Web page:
You don't often see FPS bosses with multiple phases. They're usually lazier bullet sponges with discouraging health bars and boring mechanics. If it's possible, I'd want a V that's almost entirely melee/netrunning. But if the bosses are straight out of Destiny, I'll have to rethink my build.
 
I'm expecting memorable characters as bosses that I can remember after playing, but also a variety of resolutions to avoid direct fights, like negotiation or blackmail, bluff, hack, sneak kill, environment kill, etc.

Thus considering that some choices may have repercussion on the later game, or changes the balance between corporations or gangs (like say, if you stole a valuable item from a gang A, and you exchange it for a valuable hostage to another gang B. That means they have this item now and will use it at their advantage later on and take control of gang A, whereas if you decided to fight your way to save the hostage you could avoid the gang B to expend its territory).
 
Boss fights can be ok if they are done and balanced correctly. Done INcorrectly, they can be jarring and greatly reduce game experience.

Anyone remember the bossfights of Deus Ex: human revolution? Those were greatly maligned and out-of-place in an otherwise great game, and received lot of flak. In that case, they were even done by a separate studio.

However, it makes sense for some enemies to be stronger than others. particularly in a world of cybernetically enhanced murder machines.

There are two main pitfalls that I can see:

1. If I have to load savegame and retry the fight several times, it breaks the immersion ENTIRELY. So the trick is to provide a challenge, but not too much of a challenge.

2. If the ONLY way to beat a boss is to unload hundreds of bullets into them, the fight has failed. The point is the difference between standard enemies and boss enemies. If the bosses are too far above normal mooks, its also jarring and immersionbreaking. Not to mention such a fight is usually terrible and boring. I think best bet would be to let the bosses have some sort of weakness or disadvantage, that you would have to find out and abuse in order to win (or at least win considerably easier). Like aiming a specific part of their body, exposed life support system of a cyborg or some such. Use environment against them maybe.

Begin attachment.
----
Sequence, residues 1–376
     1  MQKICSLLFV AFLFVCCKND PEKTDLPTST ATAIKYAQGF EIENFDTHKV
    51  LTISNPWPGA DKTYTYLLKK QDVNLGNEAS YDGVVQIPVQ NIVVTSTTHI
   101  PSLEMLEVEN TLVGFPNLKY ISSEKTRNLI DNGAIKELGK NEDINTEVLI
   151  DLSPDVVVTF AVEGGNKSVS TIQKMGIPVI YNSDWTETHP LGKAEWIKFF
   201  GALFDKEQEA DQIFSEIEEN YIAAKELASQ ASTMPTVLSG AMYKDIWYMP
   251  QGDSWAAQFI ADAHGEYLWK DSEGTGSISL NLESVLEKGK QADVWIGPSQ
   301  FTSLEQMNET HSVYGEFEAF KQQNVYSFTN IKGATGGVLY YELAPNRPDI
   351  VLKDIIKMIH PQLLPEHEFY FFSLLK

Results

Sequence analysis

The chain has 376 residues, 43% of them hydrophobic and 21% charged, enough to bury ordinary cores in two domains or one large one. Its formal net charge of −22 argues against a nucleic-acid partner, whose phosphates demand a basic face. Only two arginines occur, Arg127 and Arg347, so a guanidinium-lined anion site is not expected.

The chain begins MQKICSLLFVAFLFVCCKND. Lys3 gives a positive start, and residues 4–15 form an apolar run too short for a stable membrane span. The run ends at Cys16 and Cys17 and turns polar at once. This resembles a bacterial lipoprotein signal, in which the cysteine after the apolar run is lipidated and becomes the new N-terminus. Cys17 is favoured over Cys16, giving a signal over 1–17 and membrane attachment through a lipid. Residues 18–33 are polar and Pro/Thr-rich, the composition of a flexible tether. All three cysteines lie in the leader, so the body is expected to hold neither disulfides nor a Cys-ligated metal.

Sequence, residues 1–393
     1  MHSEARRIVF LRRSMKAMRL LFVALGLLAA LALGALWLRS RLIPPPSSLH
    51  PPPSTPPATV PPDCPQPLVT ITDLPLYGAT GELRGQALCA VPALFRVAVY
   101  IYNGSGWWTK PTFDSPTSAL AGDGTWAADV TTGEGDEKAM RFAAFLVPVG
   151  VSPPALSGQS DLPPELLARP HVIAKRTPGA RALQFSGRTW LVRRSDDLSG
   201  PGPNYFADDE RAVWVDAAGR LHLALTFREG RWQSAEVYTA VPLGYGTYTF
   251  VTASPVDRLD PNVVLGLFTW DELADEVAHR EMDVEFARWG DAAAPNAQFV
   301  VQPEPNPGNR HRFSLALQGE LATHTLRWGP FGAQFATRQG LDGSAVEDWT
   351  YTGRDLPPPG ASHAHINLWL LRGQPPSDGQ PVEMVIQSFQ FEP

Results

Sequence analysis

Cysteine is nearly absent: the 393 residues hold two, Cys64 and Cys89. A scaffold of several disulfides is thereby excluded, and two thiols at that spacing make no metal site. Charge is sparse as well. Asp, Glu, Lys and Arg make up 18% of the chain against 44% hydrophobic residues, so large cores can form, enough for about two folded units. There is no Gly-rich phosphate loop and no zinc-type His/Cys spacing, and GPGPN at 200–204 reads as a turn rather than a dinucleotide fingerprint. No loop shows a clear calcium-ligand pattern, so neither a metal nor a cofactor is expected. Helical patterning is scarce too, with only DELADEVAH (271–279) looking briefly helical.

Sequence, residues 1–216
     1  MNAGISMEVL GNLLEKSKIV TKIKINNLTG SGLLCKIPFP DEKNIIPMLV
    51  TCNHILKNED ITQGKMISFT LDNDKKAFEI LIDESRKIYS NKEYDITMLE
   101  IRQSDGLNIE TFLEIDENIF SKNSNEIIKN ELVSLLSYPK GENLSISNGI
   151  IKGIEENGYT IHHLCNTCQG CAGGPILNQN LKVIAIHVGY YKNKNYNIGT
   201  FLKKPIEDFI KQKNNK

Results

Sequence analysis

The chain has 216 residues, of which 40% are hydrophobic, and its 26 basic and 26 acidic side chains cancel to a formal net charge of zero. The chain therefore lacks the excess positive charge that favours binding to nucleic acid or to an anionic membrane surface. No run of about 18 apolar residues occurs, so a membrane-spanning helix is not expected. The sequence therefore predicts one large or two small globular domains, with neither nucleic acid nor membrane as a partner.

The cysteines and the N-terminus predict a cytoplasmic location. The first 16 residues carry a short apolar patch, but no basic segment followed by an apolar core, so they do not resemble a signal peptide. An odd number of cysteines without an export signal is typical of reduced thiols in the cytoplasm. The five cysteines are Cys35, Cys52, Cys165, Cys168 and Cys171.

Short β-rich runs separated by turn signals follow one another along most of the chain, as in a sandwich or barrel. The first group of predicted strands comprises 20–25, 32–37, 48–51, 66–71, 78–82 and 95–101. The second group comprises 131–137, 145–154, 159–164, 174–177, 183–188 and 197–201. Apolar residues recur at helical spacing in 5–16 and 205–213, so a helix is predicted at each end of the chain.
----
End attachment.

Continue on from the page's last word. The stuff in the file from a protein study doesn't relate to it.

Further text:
Additionally, in the greater scheme of things, I think its important for there to be multiple ways to finish a quest. This is one of the things that made the cult classic Vampire: the Masquerade Bloodlines such a hit. You should be able to circumvent dangerous enemies somehow if you play a character thats more of a hacker or a socially smooth operator who talks his way out of things. Obviously such solutions should require investment into non-combat skills in order to not be too abusable.

The one complaint about VtM:B was its unavoidable story-related bossfights. If you wanted to play a sneaky ninja or use social disciplines to solve problems you were out of luck. That game required some investment in combat, so lets do one better here.

Obviously if there is one game world where combat-readiness is more or less expected, its here. The crapsack world is full of combat zones where dangerous gangers roam, armored murder-hobos succumb to cyberpsychosis and corp agents shoot first and ask questions later.
To tell you the truth I think having the difficulty settings is required, if you do not want "difficult" fights because it will break your immersion, then go ahead and put it on easy or normal, for myself I grew up with 80's and 90's videogames, the harder and more impossible the enemy is, the more fun it is for me, I play TW3 in max difficulty and i still find it far too easy, I know every gamer is different but for me I enjoy challenges it makes me more invested in the game, the only thing i have found breaks the immersion for me is QTE (quicktime events), for the rest give me good cinematics for the story parts and on the game parts "BRING IT ON SWEETY"
 
To tell you the truth I think having the difficulty settings is required, if you do not want "difficult" fights because it will break your immersion, then go ahead and put it on easy or normal, for myself I grew up with 80's and 90's videogames, the harder and more impossible the enemy is, the more fun it is for me, I play TW3 in max difficulty and i still find it far too easy, I know every gamer is different but for me I enjoy challenges it makes me more invested in the game, the only thing i have found breaks the immersion for me is QTE (quicktime events), for the rest give me good cinematics for the story parts and on the game parts "BRING IT ON SWEETY"
While you are right in that easier difficulty settings might be a solution, they can also easily lead to bullet-soaking absurdly durable enemies, as that is the other end of the dial. I've noticed people complaining about such a possibility.

Overall I am in favor of multiple difficulty levels though, as that is a way to make the game enjoyable for a wider variety of players.